March for Science Diversity Statements

This is a chronology of diversity statements from the organisers of March for Science DC from 24 January to 13 February 2017. For comparison, I also include other administrative messages that give a sense of how the early organisation of the march evolved.

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  1. Background

  2. Immediately following the Women’s March on 21 January, and in response to President Trump's science policies in the USA, March for Science (MfS) emerged from a series of social media conversations. The ScienceMarchDC Twitter account was set up on 24 January 2017.
  3. Within the first couple of days of the Twitter and Facebook profiles being established, the March for Science follower count ballooned from a couple of hundred people to several thousands. By the 13 February 2017, the Twitter account had amassed over 323,000 followers, their public Facebook page accumulated 348,000 likes, and the private Facebook community has over 827,000 members.
  4. Diversity

  5. The issue of diversity has been a principle concern among scientists who have been following the evolution of March for Science.
  6. I use the term diversity because this reflects the language of the March for Science organisers, however diversity has a specialised meaning in the empirical literature. Diversity refers to the variety, balance and disparities that we study across the natural, physical and social sciences. The study of diversity is not simply about acknowledging differences. It is also the critical reflection of how we come to understand and value these differences.
  7. In the scientific literature, diversity encompasses issues of equity (barriers, issues and solutions to structural disadvantage); access (opportunities and impact on participation by underrepresented groups); and inclusion (valuing and respecting differences).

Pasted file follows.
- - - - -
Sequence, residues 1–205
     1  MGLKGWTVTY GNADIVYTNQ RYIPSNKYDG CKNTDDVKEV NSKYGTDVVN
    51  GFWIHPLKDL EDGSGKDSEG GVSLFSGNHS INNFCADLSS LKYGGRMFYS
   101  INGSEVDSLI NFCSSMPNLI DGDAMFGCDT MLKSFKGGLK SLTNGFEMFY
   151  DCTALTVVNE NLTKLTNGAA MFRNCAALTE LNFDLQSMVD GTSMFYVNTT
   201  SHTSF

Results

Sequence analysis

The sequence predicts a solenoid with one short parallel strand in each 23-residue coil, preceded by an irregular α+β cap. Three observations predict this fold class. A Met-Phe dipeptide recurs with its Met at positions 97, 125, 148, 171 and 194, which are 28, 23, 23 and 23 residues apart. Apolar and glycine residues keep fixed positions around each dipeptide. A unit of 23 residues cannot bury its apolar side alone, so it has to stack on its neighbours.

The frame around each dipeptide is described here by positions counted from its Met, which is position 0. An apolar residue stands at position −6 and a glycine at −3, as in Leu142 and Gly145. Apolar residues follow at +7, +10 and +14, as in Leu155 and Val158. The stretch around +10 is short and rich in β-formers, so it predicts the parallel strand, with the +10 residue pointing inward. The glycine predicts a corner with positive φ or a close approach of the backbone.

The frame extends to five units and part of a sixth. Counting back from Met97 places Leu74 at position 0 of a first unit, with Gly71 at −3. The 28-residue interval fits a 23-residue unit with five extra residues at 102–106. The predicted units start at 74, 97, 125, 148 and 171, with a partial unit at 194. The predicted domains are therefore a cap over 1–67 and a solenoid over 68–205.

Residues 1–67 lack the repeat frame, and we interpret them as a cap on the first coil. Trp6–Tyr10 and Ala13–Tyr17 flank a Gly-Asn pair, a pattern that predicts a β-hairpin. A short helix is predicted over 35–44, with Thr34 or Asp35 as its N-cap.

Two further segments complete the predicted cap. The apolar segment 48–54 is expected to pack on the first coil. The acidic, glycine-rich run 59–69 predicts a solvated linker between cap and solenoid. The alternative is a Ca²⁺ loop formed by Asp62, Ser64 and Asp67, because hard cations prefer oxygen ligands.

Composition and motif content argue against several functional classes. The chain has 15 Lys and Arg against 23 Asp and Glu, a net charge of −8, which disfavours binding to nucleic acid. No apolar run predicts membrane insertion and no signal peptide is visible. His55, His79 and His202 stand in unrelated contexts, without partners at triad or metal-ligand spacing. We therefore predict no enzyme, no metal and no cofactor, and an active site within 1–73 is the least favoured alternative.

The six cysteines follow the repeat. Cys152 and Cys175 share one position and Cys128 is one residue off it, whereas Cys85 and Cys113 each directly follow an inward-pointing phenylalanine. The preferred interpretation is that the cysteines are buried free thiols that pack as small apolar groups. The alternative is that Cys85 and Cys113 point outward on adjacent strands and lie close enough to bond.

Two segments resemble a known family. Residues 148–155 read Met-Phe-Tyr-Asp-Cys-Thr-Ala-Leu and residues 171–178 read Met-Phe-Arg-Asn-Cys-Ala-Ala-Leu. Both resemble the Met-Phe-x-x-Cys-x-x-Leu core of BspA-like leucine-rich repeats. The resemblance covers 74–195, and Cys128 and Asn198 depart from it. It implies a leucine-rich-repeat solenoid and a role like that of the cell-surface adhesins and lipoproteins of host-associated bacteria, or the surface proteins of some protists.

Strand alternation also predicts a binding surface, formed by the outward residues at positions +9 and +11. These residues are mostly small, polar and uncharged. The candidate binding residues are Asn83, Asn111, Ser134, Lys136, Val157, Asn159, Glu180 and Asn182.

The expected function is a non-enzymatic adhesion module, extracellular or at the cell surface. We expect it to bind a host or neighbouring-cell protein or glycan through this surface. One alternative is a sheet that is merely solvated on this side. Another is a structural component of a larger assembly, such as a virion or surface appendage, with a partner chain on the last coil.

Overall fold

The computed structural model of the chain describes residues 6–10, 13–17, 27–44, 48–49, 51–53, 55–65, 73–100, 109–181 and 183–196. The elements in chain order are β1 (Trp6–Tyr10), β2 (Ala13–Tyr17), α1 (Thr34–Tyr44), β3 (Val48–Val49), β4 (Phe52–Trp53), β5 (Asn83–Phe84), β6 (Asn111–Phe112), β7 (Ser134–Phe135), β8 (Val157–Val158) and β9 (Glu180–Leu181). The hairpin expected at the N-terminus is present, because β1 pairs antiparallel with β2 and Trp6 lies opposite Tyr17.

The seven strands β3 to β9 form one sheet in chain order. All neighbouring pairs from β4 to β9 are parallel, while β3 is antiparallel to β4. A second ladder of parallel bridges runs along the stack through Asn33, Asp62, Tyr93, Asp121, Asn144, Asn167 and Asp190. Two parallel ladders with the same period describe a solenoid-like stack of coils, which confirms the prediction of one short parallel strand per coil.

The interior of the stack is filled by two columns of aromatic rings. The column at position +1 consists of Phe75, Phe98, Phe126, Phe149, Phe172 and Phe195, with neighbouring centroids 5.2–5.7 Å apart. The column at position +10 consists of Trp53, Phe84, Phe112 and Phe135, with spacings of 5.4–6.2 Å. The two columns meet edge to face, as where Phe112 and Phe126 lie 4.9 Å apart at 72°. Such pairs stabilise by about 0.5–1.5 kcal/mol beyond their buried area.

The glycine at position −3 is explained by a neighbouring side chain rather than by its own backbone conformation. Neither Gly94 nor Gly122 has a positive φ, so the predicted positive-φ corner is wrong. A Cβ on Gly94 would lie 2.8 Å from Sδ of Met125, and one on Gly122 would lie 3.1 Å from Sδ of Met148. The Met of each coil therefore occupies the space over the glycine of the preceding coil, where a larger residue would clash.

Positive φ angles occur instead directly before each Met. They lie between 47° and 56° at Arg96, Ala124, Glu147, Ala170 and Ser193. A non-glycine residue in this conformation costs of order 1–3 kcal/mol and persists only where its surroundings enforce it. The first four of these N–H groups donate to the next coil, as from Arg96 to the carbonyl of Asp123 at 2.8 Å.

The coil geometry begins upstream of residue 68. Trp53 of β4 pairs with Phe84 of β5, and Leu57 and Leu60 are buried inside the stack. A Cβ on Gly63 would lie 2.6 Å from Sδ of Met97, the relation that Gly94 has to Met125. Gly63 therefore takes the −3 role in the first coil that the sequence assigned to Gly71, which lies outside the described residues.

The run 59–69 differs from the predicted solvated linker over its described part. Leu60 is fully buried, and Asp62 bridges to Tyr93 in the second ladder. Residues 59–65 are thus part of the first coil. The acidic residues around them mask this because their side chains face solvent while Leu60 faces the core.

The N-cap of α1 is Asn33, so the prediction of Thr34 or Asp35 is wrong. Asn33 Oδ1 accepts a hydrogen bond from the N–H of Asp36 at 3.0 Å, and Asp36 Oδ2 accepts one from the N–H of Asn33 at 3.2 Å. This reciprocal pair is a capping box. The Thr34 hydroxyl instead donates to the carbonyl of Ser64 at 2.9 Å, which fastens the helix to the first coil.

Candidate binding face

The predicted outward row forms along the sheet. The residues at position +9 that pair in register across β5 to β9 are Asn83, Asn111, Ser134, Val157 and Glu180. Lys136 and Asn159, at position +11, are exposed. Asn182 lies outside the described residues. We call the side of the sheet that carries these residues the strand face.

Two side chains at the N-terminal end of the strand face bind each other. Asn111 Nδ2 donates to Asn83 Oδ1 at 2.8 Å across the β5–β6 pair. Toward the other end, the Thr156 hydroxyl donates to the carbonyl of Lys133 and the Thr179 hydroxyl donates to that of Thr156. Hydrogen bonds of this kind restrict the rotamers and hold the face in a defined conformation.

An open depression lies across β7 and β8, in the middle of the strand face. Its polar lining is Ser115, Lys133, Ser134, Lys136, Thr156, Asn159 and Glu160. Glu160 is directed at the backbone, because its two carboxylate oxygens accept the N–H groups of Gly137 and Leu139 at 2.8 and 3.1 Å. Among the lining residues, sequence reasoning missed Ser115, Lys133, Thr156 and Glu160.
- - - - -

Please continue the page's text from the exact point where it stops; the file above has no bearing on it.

8. When the March for Science Twitter account began engaging with the public, it quickly became apparent that the organisers of the march may lack experience on equity, inclusion. In particular, the issue of intersectionality was lacking from communications. This is the recognition that gender and race mutually affect experiences of inequality, alongside other issues like homophobia, transphobia, class and ableism (discrimination against people with disabilities).
  9. In response to these critiques, the March for Science organisers released a diversity statement that went through a couple of iterations. First published as a general statement on the homepage of their old website and then as a post on Facebook. The latest revised statement was published on their new website on 29 January 2017. Their public Facebook page was established two days later, with the first post published on 27 January 2017.
  10. Diversity statements on Twitter

  11. During the three-week period under review, the March for Science Twitter account had published around 1,500 tweets.
  12. There have been 14 tweets that directly address the diversity plans for March for Science. These are largely apologetic in response to critiques about the lack of clarity on the objectives of the march as they relate to diversity. There are also messages of contrition for tweets that otherwise reproduce inequity or exclusion of underrepresented scientists.
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